Definition and Overview
Biliary atresia is a serious condition that affects infants. It is characterized by hepatic bile ducts, the bile ducts in the liver that do not have the normal openings needed to function properly. The bile ducts in the liver are responsible for carrying bile to the gallbladder and the small intestine. Bile plays a key role in the body as it helps to digest and absorb fats and other nutrients, especially fat-soluble ones namely vitamins A, D, E, and K. It also carries out unnecessary waste products from the body. However, without the normal openings of the bile ducts, the bile accumulates in the liver, threatening to damage it. If left untreated, it may lead to cirrhosis, tissue damage, or even life-threatening organ damage.
Causes of Condition
Biliary atresia does not have a proven and definite cause, but doctors have linked it to several possible risk factors. However, despite its nature as a fetal disease, it is not known to be an inherited condition, which means that if a child grows up to overcome and survive from biliary atresia, he will not pass the condition on to his children.
The disease, instead, is known to begin during the development in the womb or right after childbirth.
When developed in the womb, it may be caused by:
- Genetic mutation
- Abnormal liver or bile development
- Mother’s exposure to toxic chemicals during pregnancy
When developed after birth, it may be caused by:
- Bacterial or viral infection shortly after birth, e.g. rotavirus or cytomegalovirus, among others
- Compromised immune system, wherein the immune system attacks the liver and bile ducts, usually for no apparent reason
Biliary atresia comes in two forms, namely perinatal and fetal. Perinatal atresia, the more common type, is when the disease is diagnosed or starts showing symptoms between the 2nd and 4th week following birth. On the other hand, fetal atresia is when the disease is already detected while the baby is still in the womb. In many cases of fetal atresia, it is also accompanied by other birth defects often affecting the intestines, the spleen, or the heart.
For perinatal atresia, the earliest symptoms of the condition include:
Jaundice – This is characterized by the yellowing of the skin, and is most easily detected if the whites of the eyes also take on a yellowish hue. This generally signals that the liver is not able to filter out some substances, particularly bilirubin, from the blood because the ducts are blocked.
Pale or whitish stools – This shows that the bilirubin from the liver is no longer reaching the intestines.
Dark urine – This is a sign that bilirubin, which has already spilled into the blood, is also already spilling into the urine.
Children suffering from biliary atresia may also suffer from a slowed weight gain, which may affect their growth and development.
A patient who is suspected of having biliary atresia will have to undergo some tests for the condition to be diagnosed. These include:
In some cases, surgery may be necessary to confirm a diagnosis. If confirmed, treatment may also be performed at the same time.
Who to See and Types of Treatments Available
Children who are suffering from the symptoms of biliary atresia should be brought to a pediatrician immediately. Those who are diagnosed with biliary atresia will then be referred to a pediatric hepatologist or a pediatric surgeon. A hepatologist is a medical professional specializing in the diagnosis and treatment of liver diseases.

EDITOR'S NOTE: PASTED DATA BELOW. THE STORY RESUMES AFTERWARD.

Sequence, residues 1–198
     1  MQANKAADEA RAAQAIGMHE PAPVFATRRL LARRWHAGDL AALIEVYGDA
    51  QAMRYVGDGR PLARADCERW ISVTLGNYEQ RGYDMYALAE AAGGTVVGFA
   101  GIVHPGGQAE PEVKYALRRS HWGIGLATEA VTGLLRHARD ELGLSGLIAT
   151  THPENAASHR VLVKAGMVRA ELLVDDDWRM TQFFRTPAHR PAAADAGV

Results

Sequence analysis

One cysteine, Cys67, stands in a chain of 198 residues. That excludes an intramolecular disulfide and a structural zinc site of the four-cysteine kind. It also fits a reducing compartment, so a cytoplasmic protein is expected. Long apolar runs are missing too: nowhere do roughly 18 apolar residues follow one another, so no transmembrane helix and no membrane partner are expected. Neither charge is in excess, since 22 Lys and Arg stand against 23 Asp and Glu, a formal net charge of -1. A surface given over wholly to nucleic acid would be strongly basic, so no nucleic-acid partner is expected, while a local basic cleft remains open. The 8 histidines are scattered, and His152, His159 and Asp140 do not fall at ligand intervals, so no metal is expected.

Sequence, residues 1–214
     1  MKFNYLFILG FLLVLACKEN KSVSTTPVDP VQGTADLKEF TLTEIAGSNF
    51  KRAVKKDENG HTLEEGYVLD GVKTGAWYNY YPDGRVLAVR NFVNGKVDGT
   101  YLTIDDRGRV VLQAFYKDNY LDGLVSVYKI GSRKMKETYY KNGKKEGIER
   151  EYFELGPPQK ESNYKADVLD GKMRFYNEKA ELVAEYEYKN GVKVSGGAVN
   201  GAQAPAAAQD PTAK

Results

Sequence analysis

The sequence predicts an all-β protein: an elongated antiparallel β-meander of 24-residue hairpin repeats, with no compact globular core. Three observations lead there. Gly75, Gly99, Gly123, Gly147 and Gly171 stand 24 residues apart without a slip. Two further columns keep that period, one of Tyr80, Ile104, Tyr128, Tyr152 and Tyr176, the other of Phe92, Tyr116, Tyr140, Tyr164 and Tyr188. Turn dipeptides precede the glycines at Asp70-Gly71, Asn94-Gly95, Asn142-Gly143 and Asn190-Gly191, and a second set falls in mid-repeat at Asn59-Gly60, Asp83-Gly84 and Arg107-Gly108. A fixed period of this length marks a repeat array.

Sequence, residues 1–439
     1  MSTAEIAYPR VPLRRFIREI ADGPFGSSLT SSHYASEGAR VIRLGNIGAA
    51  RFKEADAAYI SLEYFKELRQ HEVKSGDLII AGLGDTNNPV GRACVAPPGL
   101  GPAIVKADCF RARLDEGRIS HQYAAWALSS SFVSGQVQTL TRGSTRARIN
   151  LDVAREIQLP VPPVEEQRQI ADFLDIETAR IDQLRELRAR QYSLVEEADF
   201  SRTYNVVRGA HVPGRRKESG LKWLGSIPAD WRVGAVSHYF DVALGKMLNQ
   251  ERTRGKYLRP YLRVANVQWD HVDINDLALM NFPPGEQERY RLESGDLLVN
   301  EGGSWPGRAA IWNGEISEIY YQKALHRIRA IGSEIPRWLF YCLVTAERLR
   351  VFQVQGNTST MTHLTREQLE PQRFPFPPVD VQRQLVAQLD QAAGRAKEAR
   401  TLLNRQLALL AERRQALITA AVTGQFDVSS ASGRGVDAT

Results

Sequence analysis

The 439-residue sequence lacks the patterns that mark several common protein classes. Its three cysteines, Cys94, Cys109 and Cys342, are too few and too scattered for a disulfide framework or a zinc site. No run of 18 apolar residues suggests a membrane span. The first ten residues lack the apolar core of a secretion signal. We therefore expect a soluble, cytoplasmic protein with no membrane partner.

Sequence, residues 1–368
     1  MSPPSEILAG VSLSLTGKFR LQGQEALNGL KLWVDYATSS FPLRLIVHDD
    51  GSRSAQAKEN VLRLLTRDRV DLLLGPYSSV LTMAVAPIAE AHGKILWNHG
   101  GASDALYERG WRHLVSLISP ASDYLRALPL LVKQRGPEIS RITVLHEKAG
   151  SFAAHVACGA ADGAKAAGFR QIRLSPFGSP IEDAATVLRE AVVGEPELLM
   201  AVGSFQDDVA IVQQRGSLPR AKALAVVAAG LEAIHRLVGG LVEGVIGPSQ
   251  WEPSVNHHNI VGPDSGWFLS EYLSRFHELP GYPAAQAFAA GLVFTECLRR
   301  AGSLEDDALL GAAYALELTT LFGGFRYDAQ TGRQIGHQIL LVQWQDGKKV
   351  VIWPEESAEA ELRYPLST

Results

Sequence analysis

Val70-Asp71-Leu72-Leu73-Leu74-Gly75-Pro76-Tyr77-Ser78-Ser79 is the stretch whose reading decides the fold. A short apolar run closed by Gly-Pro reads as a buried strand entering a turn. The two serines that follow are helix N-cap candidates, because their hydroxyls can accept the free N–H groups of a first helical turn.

There are some possible treatment options that can treat the condition. These include:
- Kasai procedure – A Kasai procedure is the primary form of treatment for the disease. In this procedure, the damaged bile ducts are removed and replaced using a small part of the intestines so the bile will flow through. This is not considered to be a curative procedure, but it allows bile to flow into the small intestines, relieving many of the symptoms of the disease, such as jaundice. It can also significantly lessen the risk of liver damage. This procedure is best performed before the child passes the 3rd-month mark to ensure that the liver is not yet permanently damaged. However, if a Kasai procedure is not performed in a child with biliary atresia, the patient will not be expected to live beyond the age of 2. Kasai procedure is linked to various complications, including:
- Portal hypertension
- Bacterial cholangitis
- Nutritional deficiencies
- Liver transplant – If it is too late for a Kasai procedure or if the procedure failed to protect the liver from getting damaged, the only remaining option is a liver transplant. There are also some cases wherein the Kasai procedure was deemed successful but the patient still developed cirrhosis of the liver. A liver transplant can cure the disease, and thanks to advances in surgical technology, pediatric patients suffering from biliary atresia may receive a small part of a donor liver from a living adult, instead of having to wait for a liver from deceased children. Since liver tissue grows quickly, the infant will have a complete liver in due course. Due to these advances, the success rates of liver transplant among biliary atresia patients have increased significantly over the years, and more and more patients successfully overcome the disease and survive into adulthood.
For patients who undergo a liver transplant, there is a small risk that the immune system will reject the new liver. In order to avoid this, the patient will be given some medications and may be prescribed with a special diet. Some medications, such as antibiotics, blood pressure medications, and fat-soluble vitamin supplements, may also be necessary.
- A-Kader HH, Balistreri WF. Neonatal cholestasis. In: Kliegman RM, Behrman RE, Jenson HB, Stanton BF, eds. Nelson Textbook of Pediatrics. 19th ed. Philadelphia, PA: Saunders Elsevier; 2011:chap 348.1.